The Town Has Been Deluged With Placards

The stage was set for Peterloo. But several props had not yet been placed. A crucial one occurred on July 23rd. On this day, before any announcements, postponements and re-wordings of intended meetings, the Select Committee of Lancashire and Cheshire Magistrates was formed. It was a protective, herd-instinct gathering of the clans. From July 23rd the Select Committee took control of the medieval market town of Manchester. It was therefore they who were at bed-rock responsible for Peterloo.

Their first act, on the day after their formation, was to file bills for seditious libel against James Wroe as editor of the Manchester Observer. Presumably togetherness gave them confidence, because Norris had been bleating about the seditious influence of the Observer for months. But the bills did not deter the Observer from its usual lively course. It continued to sound off at full blast. In the last weeks before Peterloo, the verbal warfare reached new heights. This battle was as important, and had as great an effect, as the physical preparations.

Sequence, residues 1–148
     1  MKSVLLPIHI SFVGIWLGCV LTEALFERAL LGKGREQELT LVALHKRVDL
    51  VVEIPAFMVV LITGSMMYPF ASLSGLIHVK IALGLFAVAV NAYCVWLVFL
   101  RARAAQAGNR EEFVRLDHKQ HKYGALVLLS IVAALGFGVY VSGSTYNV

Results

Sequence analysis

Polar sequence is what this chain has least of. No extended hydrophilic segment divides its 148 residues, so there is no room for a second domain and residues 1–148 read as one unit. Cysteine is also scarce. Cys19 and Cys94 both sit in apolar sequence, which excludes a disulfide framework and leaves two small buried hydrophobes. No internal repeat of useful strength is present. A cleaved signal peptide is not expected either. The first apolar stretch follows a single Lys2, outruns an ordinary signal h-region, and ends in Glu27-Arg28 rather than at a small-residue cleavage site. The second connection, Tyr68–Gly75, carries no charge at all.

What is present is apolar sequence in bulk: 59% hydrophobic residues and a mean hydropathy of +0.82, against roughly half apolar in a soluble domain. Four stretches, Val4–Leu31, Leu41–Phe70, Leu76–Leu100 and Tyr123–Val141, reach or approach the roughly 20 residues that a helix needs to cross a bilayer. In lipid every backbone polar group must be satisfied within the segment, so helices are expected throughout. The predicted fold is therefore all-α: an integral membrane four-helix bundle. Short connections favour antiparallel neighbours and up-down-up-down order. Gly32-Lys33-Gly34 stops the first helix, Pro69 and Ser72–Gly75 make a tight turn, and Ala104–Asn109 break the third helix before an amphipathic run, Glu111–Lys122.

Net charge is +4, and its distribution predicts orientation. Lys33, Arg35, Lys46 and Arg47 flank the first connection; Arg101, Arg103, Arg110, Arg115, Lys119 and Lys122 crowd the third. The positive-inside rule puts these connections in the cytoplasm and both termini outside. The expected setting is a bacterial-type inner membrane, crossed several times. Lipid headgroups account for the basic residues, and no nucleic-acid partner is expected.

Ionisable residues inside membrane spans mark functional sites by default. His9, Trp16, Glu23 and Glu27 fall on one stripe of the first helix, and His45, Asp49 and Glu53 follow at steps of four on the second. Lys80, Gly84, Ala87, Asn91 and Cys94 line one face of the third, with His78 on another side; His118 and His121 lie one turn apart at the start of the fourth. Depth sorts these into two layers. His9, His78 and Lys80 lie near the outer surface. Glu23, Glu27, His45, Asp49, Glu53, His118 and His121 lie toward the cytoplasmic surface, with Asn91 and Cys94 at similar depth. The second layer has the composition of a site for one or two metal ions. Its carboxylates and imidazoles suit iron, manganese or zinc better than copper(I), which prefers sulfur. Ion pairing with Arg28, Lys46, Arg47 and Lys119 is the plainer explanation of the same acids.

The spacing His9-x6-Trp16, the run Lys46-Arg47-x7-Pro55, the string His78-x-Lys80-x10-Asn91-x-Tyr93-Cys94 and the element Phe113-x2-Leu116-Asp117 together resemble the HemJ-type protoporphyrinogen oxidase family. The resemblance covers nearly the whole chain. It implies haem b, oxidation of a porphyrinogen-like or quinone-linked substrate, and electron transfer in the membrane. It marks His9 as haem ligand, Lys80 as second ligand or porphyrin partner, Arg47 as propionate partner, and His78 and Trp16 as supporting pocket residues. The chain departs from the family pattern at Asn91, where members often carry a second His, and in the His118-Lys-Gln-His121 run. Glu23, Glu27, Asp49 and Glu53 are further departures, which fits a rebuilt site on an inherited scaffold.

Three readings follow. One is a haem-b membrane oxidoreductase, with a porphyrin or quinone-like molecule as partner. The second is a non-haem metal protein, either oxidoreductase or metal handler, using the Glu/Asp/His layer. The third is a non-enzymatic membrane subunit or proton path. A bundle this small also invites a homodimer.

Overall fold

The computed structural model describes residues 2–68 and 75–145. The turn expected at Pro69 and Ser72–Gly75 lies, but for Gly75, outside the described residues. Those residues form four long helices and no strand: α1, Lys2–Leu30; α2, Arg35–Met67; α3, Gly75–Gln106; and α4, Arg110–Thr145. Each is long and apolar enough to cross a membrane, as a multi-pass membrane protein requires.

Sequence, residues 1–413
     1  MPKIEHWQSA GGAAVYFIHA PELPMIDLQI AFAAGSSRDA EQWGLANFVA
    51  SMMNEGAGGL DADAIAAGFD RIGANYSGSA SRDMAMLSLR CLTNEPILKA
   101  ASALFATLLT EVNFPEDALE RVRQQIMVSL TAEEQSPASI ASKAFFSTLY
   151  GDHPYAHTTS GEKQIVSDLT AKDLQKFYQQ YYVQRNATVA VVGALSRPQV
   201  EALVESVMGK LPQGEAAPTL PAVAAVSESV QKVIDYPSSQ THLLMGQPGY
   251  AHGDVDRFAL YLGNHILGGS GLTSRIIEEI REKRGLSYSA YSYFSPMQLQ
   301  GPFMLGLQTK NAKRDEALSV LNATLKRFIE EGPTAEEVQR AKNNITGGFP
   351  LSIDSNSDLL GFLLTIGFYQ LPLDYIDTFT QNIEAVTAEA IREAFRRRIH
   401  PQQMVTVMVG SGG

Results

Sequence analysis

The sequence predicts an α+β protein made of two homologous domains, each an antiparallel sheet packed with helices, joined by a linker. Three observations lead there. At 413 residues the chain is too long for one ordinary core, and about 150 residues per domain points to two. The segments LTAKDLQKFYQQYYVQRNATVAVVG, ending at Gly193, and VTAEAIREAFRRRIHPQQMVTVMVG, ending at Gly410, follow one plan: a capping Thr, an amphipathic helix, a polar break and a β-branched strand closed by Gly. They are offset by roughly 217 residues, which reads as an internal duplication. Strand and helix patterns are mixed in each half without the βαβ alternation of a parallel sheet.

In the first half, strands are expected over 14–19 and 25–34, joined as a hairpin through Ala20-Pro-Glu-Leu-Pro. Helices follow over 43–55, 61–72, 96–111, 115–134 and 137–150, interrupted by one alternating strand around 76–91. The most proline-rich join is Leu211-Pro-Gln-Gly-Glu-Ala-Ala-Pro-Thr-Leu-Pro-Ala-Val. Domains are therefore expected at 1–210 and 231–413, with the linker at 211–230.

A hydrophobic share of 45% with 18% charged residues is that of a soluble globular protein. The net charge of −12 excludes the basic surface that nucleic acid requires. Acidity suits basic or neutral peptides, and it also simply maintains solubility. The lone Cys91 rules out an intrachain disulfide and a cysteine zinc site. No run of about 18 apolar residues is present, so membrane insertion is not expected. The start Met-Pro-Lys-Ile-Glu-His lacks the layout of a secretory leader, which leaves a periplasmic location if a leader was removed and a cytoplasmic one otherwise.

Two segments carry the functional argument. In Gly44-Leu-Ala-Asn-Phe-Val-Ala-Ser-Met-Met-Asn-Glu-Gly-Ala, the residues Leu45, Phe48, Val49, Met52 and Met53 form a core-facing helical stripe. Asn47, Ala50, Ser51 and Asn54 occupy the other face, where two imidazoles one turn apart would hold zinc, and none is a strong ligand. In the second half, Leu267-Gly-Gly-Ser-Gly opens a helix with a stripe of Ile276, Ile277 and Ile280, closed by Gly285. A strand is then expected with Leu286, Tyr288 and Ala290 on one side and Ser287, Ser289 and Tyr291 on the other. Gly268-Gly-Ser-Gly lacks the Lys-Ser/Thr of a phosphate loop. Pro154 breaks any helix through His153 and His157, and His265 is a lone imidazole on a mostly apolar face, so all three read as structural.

The Observer itself obviously devoted columns to the meeting, its cancellation, the correspondence with Hunt, and the reasons why the meeting was necessary. The reasons were covered from all angles and for all tastes. There were straightforward, serious editorials. There were pretty vicious, if amusing, attacks on the loyalists’ incompetence and panic handling of the situation. There was a series of dialect discussions between such characters as ‘Bill o’thowd Rappurs ut wur in th’ Warkheawse un Sam Simple’, in which the matter might be gift-wrapped but remained fiercely political.